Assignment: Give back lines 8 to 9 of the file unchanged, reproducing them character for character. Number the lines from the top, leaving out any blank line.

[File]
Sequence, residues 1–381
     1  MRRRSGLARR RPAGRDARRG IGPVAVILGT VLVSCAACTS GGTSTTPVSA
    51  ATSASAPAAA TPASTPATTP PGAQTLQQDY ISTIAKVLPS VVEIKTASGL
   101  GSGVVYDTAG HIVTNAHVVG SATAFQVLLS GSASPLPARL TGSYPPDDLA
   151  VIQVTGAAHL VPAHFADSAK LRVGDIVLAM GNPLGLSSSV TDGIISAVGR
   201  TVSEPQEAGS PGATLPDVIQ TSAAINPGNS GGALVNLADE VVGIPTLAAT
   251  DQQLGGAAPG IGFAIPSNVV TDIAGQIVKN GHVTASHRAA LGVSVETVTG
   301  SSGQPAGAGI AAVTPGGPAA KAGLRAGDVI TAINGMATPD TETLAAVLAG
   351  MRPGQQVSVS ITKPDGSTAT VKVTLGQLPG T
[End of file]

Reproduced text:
   301  SSGQPAGAGI AAVTPGGPAA KAGLRAGDVI TAINGMATPD TETLAAVLAG
   351  MRPGQQVSVS ITKPDGSTAT VKVTLGQLPG T